After the exertions of digging the car out of the Troodos snow, we realised that the only way to cope with the unexpected weather Cyprus was throwing at us was to relax. The problem with relaxing in wintry Cyprus is that the beaches, the normal route for holiday makers looking for somewhere to crash out, are far too cold and windswept to be comfortable, and the sea is distinctly Arctic. Cyprus does excel, though, in cosy little hotels with real fires, and as luck would have it we stumbled on a real gem in Kakopetria, a short drive north of Troodos on the Nicosia road.
Kakopetria means 'wicked rock pile' in Greek, and driving round the town's twisting one-way system is a good way to appreciate why. A river runs through the centre of town, chopping it into three steep-sided parts, with the old town perched precariously on a ridge between the two arms of the cold mountain stream; this gives the place a certain charm, especially when the nearby mountains are smothered in clouds and the wind whistles through the valleys as sharp as pine needles. Following the advice of our guidebook, we drove in ever-decreasing circles round the streets, eventually landing up at the Linos Inn, bang in the middle of the middle of the old part of town.
We instantly fell in love with the Linos. Being the only tourists mad enough to be exploring the Troodos Mountains at this time of year, we had the place to ourselves, and on booking in the manager gave us a choice of a room with a normal bath, a room with a one-person Jacuzzi, or a room with a two-person Jacuzzi. This was too good to be true; out here, in the middle of nowhere, we'd stumbled on somewhere that not only felt wonderfully toasty, it had Jacuzzis. Not surprisingly, we went for the latter, pushing the boat out at a respectable C£55 per night.
The rooms turned out to be full of antique furniture, from iron-framed four-poster beds to tables that turned out to be authentic Singer sewing machine tables, complete with foot pedals for operating the now-removed machines. From the balcony at the back of the room the warren of Kakopetria's old town lay sandwiched between the two rivers, and in the distance the mountains grumbled and the smell of wood smoke drifted in on the breeze. We might not have been able to hit the slopes that day, but that was no reason not to get stuck into a healthy dose of après-ski.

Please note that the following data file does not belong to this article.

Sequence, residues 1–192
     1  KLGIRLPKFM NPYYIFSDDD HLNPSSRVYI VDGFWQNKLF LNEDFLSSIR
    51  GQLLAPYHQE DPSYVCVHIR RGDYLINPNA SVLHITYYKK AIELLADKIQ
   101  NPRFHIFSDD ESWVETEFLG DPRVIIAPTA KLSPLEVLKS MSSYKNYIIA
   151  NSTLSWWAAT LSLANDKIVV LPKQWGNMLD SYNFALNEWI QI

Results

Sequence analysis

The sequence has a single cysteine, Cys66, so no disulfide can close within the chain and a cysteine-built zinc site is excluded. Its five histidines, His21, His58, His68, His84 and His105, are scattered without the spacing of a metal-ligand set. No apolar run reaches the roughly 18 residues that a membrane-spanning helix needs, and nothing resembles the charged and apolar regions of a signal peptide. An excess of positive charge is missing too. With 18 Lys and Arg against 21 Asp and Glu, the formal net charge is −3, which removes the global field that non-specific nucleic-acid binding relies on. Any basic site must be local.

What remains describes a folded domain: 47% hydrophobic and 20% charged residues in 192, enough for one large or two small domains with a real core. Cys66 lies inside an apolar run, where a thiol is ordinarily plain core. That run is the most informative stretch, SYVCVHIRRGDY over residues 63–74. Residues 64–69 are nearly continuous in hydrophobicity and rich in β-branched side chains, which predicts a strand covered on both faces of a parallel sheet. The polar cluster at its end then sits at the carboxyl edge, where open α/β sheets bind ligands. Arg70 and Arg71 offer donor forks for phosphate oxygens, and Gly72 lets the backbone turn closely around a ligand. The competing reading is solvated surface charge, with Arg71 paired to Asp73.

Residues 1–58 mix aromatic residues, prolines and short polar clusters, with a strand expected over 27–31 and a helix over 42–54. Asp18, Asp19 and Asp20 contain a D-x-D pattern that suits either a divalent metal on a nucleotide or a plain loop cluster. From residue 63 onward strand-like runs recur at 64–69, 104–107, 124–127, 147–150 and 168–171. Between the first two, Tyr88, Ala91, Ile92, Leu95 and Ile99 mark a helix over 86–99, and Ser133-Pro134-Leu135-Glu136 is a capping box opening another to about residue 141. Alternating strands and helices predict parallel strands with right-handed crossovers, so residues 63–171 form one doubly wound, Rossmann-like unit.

Kakopetria's old town is long and thin, following its main road (well, a one-car wide track) along the top of a ridge while the river tumbles away down a deep gorge to one side. It's a beautiful place that has been saved from the idiocies of the coastal developers by a preservation order, but like the vast majority of places in the south of Cyprus, the old town is littered with tumbledown buildings that have been left to rot, while the other buildings have obviously had serious amounts of investment lavished on them in an attempt to preserve the historical style of Cyprus's old settlements.
On closer inspection the crumbling buildings turn out to have dates and initials scribbled on the door frames, indicating that they are owned by Turkish Cypriots who were forced to flee their homes to escape to north Cyprus; the Cypriot government has ensured that Turkish-owned property is kept for them to return to once the political atmosphere is more conducive, a compliment that hasn't been repaid on the north, where Greek Cypriot property has simply been seized. It does mean, though, that places like Kakopetria can't fully restore their old quarters while Cyprus is split, a situation that unintentionally adds to the atmosphere.
Meanwhile some of the crumbling buildings are marked not with the details of their temporarily estranged owners, but with signs saying 'EOKA', the name of the pro-Greece terrorist movement that was so key in splitting up the island in the first place; I couldn't work out whether these buildings had housed EOKA members hiding from the authorities, or whether their current state of decay was down to past EOKA activity, but it added spice to an already delicious old town centre. Indeed, completing the picture, Kakopetria is full of concrete water cisterns emblazoned with 'ER 1955', evidence that the British, for whom the EOKA was a huge thorn in the side, did at least leave one useful legacy in Kakopetria – running water.
But although Kakopetria is a beautiful mountain town, and the history is visible all around, it was the Linos Inn that was the highlight. The downstairs restaurant, home to a lovely log fire and some wonderfully fresh trout from the trout farm down the road, was the perfect place1 to shelter from the howling February wind, and after a jug of village wine and a Jacuzzi, even the chilling weather of Troodos felt like a distant memory.
It quite put us in the mood for the morning's improvement in the weather, which opened up an opportunity for skiing on Mt Olympos after all. If only they could move the Linos Inn to Troodos, then Cyprus would have a skiing holiday experience to rival the best of the Alps. If you ignore the quality of the ski runs, that is...
1 Thanks to Karen H for sending me an update on the Linos Inn, though I'm sad to report that it's not exactly positive. 'After reading your report, we decided to have a meal at the Linos Taverna,' writes Karen. 'What a disappointment! We were virtually ignored and had the poorest service since our arrival in Cyprus. Our food was mediocre at best and we couldn't wait to depart.' She goes on to say that she and her husband stayed and ate at the Mill House Hotel during their visit to Kakopetria, where they felt 'pampered and welcome' in comparison. Here's hoping the Linos Inn manages to get back to the high standards of 2003; it really was a lovely place when we visited.